The Screening Room Review: A Cure for Wellness

The members of the Screening Room sit quietly around a table in a dimly lit radio studio. DJ “Mad” Mike fiddles with volume controls and various knobs on the control board, DJ TV ponders an article on his mobile phone, Foxx Jackson sips thoughtfully from his signature highly caffeinated beverage. They have just seen Gore Verbinski’s “A Cure for Wellness.” Set in present day, Cure tells the story of a young businessman sent on an errand by his corporate overlords to find one of their fellows at a resort in the Swiss Alps. However, it turns out that this “resort” is actually a sanitarium, and there’s a little more going on than meets the eye. Maybe.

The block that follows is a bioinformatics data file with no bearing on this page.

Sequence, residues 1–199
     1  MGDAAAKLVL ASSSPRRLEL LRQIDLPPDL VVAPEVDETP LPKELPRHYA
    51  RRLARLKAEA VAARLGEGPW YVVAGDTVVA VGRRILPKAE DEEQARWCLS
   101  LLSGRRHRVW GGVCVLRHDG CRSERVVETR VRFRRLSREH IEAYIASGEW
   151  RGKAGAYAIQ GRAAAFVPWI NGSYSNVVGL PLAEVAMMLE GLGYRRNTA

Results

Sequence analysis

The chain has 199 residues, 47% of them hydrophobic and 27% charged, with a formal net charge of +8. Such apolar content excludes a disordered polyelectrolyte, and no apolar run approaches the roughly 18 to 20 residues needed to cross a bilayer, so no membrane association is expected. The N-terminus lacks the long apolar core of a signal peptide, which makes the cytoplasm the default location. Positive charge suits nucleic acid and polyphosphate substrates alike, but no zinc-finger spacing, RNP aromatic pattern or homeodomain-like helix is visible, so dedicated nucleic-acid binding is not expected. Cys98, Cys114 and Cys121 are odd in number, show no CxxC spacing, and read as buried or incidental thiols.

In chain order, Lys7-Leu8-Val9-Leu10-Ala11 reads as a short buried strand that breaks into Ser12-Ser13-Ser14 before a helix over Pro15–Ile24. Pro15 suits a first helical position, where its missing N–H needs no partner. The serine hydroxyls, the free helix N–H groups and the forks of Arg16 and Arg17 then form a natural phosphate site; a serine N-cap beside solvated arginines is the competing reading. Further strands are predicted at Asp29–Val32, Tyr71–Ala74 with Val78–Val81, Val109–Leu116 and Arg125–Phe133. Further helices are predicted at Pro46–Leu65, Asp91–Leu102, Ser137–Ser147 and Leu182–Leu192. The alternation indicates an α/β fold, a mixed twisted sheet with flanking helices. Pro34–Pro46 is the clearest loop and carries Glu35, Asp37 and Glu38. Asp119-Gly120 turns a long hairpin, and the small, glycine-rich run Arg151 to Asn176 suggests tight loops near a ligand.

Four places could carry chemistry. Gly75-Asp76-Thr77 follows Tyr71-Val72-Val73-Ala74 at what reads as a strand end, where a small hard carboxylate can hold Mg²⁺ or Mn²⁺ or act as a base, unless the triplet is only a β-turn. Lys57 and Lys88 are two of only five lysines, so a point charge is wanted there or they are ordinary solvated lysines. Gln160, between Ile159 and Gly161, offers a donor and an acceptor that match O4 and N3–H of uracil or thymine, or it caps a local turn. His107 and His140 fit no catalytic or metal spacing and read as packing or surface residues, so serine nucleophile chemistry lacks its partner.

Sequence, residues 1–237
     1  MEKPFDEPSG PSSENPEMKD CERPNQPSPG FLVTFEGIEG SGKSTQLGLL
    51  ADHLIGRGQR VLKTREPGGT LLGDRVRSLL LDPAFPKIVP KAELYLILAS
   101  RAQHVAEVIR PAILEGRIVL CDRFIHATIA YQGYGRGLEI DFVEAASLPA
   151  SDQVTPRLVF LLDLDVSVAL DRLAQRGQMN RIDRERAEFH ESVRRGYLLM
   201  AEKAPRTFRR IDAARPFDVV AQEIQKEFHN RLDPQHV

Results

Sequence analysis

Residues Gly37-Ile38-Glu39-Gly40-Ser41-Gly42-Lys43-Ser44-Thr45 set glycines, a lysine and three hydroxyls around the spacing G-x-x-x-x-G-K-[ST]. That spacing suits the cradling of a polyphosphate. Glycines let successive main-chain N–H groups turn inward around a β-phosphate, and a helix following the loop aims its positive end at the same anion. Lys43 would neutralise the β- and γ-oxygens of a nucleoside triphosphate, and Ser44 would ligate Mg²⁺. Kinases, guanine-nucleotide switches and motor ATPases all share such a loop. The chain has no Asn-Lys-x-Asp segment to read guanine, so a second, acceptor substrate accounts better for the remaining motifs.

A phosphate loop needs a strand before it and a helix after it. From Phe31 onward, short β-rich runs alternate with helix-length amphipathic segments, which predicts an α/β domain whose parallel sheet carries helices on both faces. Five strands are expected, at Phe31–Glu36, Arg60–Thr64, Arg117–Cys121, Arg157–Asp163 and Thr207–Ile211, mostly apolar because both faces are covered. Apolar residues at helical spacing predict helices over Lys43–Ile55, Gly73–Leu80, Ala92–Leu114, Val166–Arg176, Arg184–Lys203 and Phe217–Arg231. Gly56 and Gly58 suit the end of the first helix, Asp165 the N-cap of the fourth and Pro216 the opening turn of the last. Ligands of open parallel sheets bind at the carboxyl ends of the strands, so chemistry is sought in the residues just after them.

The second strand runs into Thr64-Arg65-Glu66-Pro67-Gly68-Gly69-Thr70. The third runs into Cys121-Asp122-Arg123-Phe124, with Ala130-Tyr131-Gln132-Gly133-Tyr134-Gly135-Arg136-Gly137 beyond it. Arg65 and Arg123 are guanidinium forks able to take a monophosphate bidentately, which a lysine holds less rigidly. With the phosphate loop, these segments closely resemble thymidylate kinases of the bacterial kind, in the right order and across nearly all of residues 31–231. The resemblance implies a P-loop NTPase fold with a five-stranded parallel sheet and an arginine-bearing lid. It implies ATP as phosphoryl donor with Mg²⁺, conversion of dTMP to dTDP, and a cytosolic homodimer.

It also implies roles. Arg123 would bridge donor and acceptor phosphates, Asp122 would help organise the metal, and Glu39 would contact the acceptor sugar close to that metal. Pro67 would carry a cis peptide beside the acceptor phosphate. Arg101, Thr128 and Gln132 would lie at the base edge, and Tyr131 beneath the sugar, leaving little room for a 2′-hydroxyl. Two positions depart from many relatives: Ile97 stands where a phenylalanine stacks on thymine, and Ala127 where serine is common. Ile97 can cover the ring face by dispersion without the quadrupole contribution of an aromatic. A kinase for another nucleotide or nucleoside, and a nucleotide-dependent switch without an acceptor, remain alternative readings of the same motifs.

Foxx: A cure for wellness? More like a cure for intelligence. I’m often critical of films, but rarely do I give a scathing review. Even within the first thirty seconds, I was disheartened. I had gone into this film expecting a dark, creepy asylum thriller akin to “Shutter Island.” This, I think, was my first mistake. While the film was marketed as being set in the 40s/50s, I had no real reason to believe that, so that’s on me. My second mistake was setting the bar at “Shutter Island.” I consider Shutter to be a masterpiece of the thriller genre. What irks me about Cure is that it seems to think it is a clever asylum horror/thriller film. Occasionally our protagonist has bizarre visions and even begins to think himself insane at a later point in the film, yet we as the ones looking are never left wondering. We always know there is something sinister going on, there is never any doubt. If anything, “A Cure for Wellness” does a great job of “showing, not telling.” Simply put, it’s beautiful. The sanitarium’s interior and exterior are both breath-taking and haunting. Beneath the sanitarium sits a small village that is depressingly dreary and drab, rarely do we see such efficient use of gray and brown in a set piece. Unfortunately, the amazing visuals do not even begin to compensate for a ridiculous story that can only be described as harebrained. My Screening Room rating is most definitely a “burn it.” This is a movie that shouldn’t have been made, it was an incredibly slow two and a half hours of my life I’ll never get back.

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